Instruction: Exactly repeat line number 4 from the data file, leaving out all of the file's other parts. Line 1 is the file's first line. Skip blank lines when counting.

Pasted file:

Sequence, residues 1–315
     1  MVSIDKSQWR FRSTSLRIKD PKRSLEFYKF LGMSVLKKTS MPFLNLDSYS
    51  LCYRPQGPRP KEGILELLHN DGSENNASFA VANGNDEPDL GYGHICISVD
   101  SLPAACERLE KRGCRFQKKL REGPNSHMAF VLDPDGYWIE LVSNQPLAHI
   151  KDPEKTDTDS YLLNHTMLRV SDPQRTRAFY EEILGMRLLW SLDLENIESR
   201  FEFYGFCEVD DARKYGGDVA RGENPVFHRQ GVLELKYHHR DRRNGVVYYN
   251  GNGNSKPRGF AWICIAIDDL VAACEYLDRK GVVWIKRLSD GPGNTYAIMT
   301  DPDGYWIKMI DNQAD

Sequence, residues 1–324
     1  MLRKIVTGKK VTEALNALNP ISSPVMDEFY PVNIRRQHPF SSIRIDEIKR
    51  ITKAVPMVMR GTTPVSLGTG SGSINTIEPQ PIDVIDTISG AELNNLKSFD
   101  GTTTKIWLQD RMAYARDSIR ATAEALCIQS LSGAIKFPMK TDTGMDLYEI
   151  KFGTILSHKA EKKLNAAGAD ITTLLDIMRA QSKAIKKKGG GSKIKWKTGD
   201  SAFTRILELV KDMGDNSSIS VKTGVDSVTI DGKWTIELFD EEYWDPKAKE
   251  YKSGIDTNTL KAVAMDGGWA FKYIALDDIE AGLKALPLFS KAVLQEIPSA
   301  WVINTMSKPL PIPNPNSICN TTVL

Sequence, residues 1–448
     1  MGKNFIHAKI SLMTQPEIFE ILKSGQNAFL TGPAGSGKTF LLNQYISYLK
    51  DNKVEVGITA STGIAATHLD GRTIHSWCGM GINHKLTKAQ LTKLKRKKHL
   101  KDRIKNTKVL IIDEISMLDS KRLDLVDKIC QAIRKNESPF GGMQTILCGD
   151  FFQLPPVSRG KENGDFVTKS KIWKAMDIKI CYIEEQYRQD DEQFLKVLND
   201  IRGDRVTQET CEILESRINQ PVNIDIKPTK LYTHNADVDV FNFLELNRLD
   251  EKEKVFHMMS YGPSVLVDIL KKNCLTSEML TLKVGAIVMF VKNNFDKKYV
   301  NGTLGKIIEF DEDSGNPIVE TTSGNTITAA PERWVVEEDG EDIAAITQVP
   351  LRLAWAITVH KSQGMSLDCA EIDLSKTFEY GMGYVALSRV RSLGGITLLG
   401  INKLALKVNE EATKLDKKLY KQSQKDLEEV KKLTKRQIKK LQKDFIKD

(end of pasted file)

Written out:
   101  SLPAACERLE KRGCRFQKKL REGPNSHMAF VLDPDGYWIE LVSNQPLAHI